Some think Holly Golightly was a prostitute, but writer and director Truman Capote says he saw her not as a “callgirl” but as an “American geisha.” She doesn’t have sex for money, as far as we know. She charms. She attends parties, lights up a room, works hard to make people feel good about themselves (and about her). There’s not an invoice for her time but she often gets “fifty dollars for the powder room” from her dates, money to tide her over until she can marry a husband rich enough that she’ll never have to worry about money again. This comes to a head in a tense exchange with the film’s main love interest, the down-on-his-luck writer Paul Varjak, in the New York Public Library. Paul declares his love and Holly responds by telling him about the rich bachelor she has her eye on. When he responds with anger, Holly fires off,

“Holly: What, do you think you own me?

Paul: That’s exactly what I think.

Holly: I know, that’s what they all think. That’s what everybody always thinks, but everybody happens to be wrong!

Paul: Well I am not everybody! … Or am I? Is that what you really think? Am I no different from all your other rats and super-rats? Wait a minute. That’s it. If that’s what you think, if that’s what you really think, there’s something I want to give you.

Holly: What’s that?

Paul: Fifty dollars for the powder room.”


In addition to the disturbing conflation of love with ownership, this scene is where Paul’s disgust for Holly’s willingness to prioritize financial security over romance becomes painfully clear. Economist Victoria Bateman notes the divide between those who make their money with their brains and those who make their money with their bodies, and the particular contempt reserved for women who use their bodies to procure financial gain. Until this moment, Paul is absolutely enchanted with Holly. They have been tearing up New York City, having a fabulous time, staying up late talking, taking care of each other. But once Holly makes it clear that her priorities are different from his, he becomes furious.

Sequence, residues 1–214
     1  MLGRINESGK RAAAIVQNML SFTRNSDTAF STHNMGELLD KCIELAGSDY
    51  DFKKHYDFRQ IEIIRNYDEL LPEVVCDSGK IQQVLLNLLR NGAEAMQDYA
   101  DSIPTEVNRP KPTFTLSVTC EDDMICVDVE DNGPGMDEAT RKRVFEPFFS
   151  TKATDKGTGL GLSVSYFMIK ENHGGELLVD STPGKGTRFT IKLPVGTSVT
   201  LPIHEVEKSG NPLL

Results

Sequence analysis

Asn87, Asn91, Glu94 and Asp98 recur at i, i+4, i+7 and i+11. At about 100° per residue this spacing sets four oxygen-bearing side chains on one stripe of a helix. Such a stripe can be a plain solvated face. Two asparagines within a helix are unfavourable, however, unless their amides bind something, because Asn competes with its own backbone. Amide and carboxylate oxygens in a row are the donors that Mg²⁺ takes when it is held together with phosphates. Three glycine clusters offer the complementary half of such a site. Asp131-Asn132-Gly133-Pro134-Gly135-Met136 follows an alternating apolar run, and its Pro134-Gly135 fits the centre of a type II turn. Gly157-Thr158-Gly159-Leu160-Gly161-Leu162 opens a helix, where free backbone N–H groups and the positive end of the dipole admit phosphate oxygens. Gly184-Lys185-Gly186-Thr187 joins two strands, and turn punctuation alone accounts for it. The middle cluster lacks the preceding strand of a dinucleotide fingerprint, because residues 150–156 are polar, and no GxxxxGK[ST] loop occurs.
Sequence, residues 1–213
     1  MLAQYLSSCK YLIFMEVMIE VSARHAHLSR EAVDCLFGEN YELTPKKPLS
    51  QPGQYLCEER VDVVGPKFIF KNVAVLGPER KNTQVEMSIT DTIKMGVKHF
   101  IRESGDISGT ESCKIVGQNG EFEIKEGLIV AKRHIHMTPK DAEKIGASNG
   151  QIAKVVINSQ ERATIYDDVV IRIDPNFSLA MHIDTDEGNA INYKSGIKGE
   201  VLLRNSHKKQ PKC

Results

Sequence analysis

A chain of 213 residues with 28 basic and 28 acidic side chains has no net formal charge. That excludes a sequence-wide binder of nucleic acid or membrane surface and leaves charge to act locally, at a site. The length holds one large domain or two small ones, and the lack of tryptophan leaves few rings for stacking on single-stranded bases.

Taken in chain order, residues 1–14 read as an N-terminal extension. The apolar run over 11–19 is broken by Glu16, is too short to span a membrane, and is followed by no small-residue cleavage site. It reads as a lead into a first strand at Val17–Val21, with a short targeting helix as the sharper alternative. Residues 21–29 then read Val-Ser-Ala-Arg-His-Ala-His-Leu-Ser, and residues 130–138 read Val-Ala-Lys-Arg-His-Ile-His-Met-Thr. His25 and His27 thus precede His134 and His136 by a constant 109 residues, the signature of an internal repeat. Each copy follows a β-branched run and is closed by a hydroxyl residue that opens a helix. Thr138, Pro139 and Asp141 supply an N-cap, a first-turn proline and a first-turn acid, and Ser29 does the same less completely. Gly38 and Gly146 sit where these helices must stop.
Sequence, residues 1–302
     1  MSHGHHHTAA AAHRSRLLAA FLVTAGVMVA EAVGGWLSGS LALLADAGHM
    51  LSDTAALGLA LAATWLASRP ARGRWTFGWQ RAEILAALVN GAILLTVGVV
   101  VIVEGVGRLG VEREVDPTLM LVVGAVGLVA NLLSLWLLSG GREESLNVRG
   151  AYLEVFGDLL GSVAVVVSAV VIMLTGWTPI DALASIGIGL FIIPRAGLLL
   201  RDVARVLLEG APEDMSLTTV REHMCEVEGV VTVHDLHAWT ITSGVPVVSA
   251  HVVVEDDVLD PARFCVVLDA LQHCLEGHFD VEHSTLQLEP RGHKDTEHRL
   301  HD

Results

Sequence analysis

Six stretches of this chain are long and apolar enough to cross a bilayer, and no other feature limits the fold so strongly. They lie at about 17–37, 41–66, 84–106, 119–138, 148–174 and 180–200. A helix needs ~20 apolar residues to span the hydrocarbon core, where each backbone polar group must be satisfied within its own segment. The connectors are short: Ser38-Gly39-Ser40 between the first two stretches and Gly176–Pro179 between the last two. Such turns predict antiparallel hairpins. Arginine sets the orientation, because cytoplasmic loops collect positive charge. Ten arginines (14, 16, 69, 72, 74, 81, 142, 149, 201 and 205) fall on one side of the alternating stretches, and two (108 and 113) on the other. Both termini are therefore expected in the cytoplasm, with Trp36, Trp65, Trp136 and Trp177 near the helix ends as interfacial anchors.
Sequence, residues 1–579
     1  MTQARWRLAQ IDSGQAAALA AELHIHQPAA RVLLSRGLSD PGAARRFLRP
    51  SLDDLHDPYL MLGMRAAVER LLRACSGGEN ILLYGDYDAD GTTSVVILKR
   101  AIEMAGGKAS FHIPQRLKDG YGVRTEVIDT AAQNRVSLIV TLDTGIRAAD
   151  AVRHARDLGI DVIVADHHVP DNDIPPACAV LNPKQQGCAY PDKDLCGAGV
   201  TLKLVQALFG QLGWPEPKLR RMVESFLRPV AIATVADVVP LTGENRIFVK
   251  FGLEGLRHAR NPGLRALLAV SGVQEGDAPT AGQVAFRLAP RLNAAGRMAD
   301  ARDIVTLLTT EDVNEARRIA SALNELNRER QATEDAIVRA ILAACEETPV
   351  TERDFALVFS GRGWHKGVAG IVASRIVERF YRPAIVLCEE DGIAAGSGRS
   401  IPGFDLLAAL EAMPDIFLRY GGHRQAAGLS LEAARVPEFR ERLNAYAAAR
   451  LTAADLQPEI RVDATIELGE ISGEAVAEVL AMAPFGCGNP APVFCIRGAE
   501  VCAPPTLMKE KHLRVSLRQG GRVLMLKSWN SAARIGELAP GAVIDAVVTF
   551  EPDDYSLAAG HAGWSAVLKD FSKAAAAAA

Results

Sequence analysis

I won’t spoil the rest of the film by telling you why Holly makes the choices she does. And it doesn’t really matter anyway. The point is that the world Holly lives in—like it or not—is one in which her choice of how to support herself works. She’s supplying something in demand, and making the most of the opportunities available to her. Life is hard, and people sometimes choose paths that don’t quite gel with other’s sensibilities. Would it be trite of me to point out in 2020 that women who engage in sex work (or even just work with a sexy presentation) have just as much right to freely choose that path as anybody else?

And, for those who are aware of the ways in which women have historically been denied economic opportunity, there’s a sinister side to the Paul Varjaks of the world finding even more ways to shut doors. Of course, Paul is just one person, and a fictional one at that. But to the extent that his attitude gets used to push through legislation that systematically denies women opportunity under the guise of protecting them and their morality, it’s downright dangerous for women and detrimental to economic growth. The economy is constituted of billions of small opportunities pursued daily that, if not interfered with, add up to the mutual satisfaction of wants that keep people fed, healthy, and able to pursue meaningful lives. This is true even when those opportunities are pursued by people whose choices we may not always agree with or understand. We still benefit from their contributions to the market, and learn from watching to see if their actions are getting them somewhere we might like to go, or somewhere we might like to avoid.

It’s easy to see the many analogies that can be drawn between Holly’s experiences and the many other forms of entrepreneurship that are looked down upon by one group or another. And, for those who wish to maximize opportunity and well-being, the response is the same. You don’t have to like what Holly does. Just stay out of her way.



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How Well Does the Becker Discrimination Model Hold Up?